It’s strange that in a culture where pop is so obsessed with money - quoth Bey, “the best revenge is your paper” - talking openly and honestly about money with your friends is still taboo. It’s in whispers when hint at the expected salary at our new job. We’re tentative about enquiring what people pay for rent on analogous apartments when we’re looking for one ourselves. And we skirt around how much you actually need for that downpayment on the house we’re looking to buy. People want to talk about money, but people don’t really want to talk about money.
Money talk is always couched in euphemisms and “ballpark” figures. But when you’re trying to learn about managing finances - what to expect, what your limitations are, where pitfalls exist - some of the best information can come from the direct experience of your peers, and vice versa with your own knowledge. Especially when you’re young and still trying to figure out your finances, having friends to sound off with can be as essential a tool as paying your bills on time. Here’s how you can talk about money with your friends without making it weird.
1. Ask questions.
There can be a lot of unknowns when you’re trying to manage your finances as an independent adult. What can you write off on your taxes? How does the share market work? What the hell is a 401K? You’re allowed to ask questions about these things. Often when you do ask these bigger questions, you’ll find a natural ease in the conversation turning to personal finances. And don’t be stingy when people ask you questions; be sure to share what you know if you expect others to share with you.
2. Don’t count your friends' money.
If you are having a frank conversation with a friend about their finances, don’t count their money. For instance, if a friend tells you they’ve saved $1,000, and in the next breath says they don’t want to go to an expensive restaurant, don’t be the person who says “But you’ve got $1,000!” Hard saved money is hard saved money, and you’re not the arbiter of where people should and should not spend their cash. It’s unhealthy to start thinking of your friends as the amount of money in their bank accounts.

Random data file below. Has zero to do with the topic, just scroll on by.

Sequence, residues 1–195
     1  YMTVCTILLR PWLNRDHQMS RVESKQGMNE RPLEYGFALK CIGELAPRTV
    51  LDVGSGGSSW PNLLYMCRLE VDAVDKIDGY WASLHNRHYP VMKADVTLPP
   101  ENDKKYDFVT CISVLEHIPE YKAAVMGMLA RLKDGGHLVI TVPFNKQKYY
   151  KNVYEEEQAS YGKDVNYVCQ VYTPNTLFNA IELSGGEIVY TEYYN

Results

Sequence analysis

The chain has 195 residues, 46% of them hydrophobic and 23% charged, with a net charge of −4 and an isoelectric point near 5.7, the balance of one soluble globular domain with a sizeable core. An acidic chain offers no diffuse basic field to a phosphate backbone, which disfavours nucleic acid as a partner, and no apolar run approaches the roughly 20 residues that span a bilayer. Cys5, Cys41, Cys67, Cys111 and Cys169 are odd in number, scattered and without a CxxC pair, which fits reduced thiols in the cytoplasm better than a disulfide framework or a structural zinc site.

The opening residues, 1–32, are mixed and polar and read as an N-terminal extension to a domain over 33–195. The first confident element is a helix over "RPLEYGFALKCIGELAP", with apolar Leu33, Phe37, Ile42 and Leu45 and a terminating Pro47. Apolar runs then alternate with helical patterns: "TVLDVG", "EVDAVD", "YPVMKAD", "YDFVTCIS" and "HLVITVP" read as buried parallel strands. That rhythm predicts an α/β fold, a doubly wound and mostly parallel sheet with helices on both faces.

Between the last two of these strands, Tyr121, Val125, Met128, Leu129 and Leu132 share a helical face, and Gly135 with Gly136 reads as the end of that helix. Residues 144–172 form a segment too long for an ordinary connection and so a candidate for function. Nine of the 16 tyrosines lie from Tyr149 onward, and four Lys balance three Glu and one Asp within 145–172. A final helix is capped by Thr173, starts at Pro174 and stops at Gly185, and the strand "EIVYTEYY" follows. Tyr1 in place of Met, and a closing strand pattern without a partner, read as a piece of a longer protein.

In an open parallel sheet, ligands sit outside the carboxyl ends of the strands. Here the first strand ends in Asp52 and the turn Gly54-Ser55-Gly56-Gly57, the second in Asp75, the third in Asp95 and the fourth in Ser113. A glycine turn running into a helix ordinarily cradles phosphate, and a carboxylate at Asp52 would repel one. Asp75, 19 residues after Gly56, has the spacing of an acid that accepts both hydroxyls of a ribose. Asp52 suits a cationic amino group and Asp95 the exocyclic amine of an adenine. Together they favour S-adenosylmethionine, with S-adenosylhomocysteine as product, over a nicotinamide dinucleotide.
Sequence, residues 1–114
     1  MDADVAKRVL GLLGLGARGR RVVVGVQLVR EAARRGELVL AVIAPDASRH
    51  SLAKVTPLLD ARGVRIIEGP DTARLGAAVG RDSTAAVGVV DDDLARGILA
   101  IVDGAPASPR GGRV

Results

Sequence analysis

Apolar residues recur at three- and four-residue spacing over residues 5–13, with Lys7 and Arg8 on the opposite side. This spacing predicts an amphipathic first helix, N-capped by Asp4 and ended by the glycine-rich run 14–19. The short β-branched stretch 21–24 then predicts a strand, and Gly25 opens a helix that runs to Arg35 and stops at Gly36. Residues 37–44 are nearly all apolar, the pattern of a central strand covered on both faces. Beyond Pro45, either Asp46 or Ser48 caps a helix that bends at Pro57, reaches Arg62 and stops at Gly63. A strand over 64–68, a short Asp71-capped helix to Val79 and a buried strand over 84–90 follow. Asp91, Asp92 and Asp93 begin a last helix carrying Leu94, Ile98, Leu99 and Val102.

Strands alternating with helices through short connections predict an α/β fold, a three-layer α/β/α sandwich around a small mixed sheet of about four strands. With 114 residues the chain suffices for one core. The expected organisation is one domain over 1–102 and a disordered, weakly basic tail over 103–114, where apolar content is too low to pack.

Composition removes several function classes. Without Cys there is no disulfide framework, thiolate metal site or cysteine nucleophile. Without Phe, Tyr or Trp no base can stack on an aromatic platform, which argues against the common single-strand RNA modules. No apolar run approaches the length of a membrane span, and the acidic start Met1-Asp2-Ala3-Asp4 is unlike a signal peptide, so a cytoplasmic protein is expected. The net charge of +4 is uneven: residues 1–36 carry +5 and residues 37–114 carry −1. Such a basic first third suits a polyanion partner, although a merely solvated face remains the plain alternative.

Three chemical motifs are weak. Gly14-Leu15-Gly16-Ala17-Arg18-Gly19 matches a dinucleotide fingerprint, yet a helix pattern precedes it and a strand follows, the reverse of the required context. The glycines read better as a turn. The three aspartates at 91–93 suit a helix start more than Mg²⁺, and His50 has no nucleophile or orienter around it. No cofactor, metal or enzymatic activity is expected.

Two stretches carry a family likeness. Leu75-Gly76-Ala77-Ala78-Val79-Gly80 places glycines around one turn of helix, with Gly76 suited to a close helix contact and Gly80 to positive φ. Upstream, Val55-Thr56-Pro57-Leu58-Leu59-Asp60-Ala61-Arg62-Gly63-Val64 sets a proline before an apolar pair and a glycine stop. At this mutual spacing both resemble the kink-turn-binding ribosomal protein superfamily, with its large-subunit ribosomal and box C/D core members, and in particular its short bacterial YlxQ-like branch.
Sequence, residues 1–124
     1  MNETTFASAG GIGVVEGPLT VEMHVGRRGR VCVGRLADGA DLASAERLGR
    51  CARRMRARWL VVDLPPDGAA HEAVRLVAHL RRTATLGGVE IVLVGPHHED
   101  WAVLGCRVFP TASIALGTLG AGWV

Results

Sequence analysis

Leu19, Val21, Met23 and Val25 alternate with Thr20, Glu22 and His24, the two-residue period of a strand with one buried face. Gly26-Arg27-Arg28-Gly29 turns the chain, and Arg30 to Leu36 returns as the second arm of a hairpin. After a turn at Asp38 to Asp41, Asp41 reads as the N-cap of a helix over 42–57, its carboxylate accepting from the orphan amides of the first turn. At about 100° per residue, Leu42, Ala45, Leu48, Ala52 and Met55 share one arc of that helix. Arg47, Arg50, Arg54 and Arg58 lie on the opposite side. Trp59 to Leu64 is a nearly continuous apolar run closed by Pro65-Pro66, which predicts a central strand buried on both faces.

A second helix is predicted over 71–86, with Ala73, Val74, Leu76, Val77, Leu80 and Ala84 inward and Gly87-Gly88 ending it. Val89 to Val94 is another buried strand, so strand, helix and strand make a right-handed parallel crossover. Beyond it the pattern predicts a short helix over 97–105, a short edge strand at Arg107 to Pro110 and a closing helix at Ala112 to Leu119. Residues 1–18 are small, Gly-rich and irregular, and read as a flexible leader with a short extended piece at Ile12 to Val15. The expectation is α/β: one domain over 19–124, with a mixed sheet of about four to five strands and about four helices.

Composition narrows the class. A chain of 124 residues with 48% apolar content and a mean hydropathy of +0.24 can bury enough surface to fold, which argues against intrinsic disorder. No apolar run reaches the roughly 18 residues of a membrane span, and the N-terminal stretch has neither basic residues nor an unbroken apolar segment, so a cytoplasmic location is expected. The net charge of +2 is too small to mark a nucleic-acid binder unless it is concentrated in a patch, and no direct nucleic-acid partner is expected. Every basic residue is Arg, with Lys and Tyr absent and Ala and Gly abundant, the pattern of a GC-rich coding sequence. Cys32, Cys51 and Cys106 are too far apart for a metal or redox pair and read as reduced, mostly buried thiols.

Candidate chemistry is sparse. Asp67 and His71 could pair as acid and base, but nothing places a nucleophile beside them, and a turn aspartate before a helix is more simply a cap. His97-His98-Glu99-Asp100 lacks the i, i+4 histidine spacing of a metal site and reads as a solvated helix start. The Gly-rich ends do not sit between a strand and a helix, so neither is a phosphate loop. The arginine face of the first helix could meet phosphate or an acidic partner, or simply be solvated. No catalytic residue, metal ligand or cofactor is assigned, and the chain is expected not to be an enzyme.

3. Be true to your own financial situation.
If you find out your friends have investments and are worth a little more than you, don’t fret. You don’t have to try and play along with someone else’s situation. That’s how you get yourself into debt. There’s nothing more awkward than putting yourself into a situation where you’ve said you have the cash, only to find your cards bouncing. Be honest about what you have, your financial goals, and how you will achieve them. Everyone is different, and you might find that you excel in some ways and your friends excel in others - don’t try to be the same if you’re not.
4. Don’t be judgemental.
It can be difficult to listen to a friend talk about how much money they dropped on a handbag when you’re budgeting for rent, but it’s really none of your business. The second you start judging your friends’ financial decisions is the second people will stop talking to you about money at all.
5. Support each other.
The most important thing you can do when talking about money with friends is to be supportive. If your friend is in financial trouble, or if they’re looking to invest big bucks, or if they’re just trying to come up with a reasonable savings plan - support them, and they will do the same for you. Talk through plans, help come up with solutions. The best way to make a conversation about money comfortable is to make it positive.